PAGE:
German Episcopate Urges European Union to Bar Euthanasia

Calls for Palliative Treatments Instead

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BERLIN, JAN. 30, 2004 ( Anticipating a debate by the Council of Europe on a report in favor of euthanasia, the German bishops’ conference appealed to European Union members to prohibit this medical practice.

In a statement issued Jan. 20, the Catholic bishops referred to the Marty Report on Euthanasia, which, if legally implemented, would exempt doctors practicing euthanasia from prison sentences.

The Council of Europe’s plenary assembly was supposed to vote on the Marty Report today. But last Monday its members decided to eliminate the debate from the agenda. Had it been approved, the proposal would have gone to the European Parliament.

Aware of the risks, the German bishops requested EU members to «reject any form of active euthanasia and thus protect the dignity of every person and his vital right to life.»

The German episcopate said that any approval of euthanasia would be inconsistent with Recommendation 1418 of the European council’s parliamentary assembly, approved on June 25, 1999. That recommendation encourages «the member States of the European Council to respect and safeguard under every aspect the dignity of the terminally ill or the dying.»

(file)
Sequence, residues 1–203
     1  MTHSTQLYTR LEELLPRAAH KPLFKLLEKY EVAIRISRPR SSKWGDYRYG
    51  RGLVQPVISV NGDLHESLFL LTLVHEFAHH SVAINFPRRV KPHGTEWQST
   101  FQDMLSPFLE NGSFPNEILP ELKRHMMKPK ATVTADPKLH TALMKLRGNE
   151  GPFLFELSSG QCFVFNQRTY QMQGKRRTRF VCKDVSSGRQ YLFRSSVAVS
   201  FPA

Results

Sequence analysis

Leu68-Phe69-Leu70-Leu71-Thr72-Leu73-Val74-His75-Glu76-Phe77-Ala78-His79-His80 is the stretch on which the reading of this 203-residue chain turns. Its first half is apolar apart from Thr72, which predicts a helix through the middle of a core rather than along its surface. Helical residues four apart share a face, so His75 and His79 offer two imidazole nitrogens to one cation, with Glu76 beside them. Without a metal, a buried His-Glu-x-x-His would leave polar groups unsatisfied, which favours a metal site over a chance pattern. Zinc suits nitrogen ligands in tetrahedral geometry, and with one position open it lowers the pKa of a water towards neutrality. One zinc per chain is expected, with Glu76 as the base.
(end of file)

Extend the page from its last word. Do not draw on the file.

Recommendation 1418 also calls for a guarantee of access to palliative treatments for terminal patients, and emphasizes that euthanasia is against Article 2 of the European Convention on Human Rights. Article 2 states that «death cannot be inflicted intentionally on anyone.»

The impunity being sought «is a step back as regards the declaration then expressed on the inviolable dignity of every human being,» the German bishops observed.

Persons without hope of a cure «will thus become victims of murder made possible by the law,» the episcopal statement warned.

The bishops warned that the introduction of a law «exerts pressure on every dying person, as euthanasia becomes an option that is presented to them, moreover, from outside.»

«The desire to die often arises, in the first place, from despair,» they wrote. «Many times this state does not last long, if the patient is surrounded by affection, as well as adequate medication and psychosocial assistance.»

The International Federation of Associations of Catholic Doctors, which represents 30,000 physicians, also opposed the Marty Report, describing it as «devastating» and «incongruent» with previous European Council votes.

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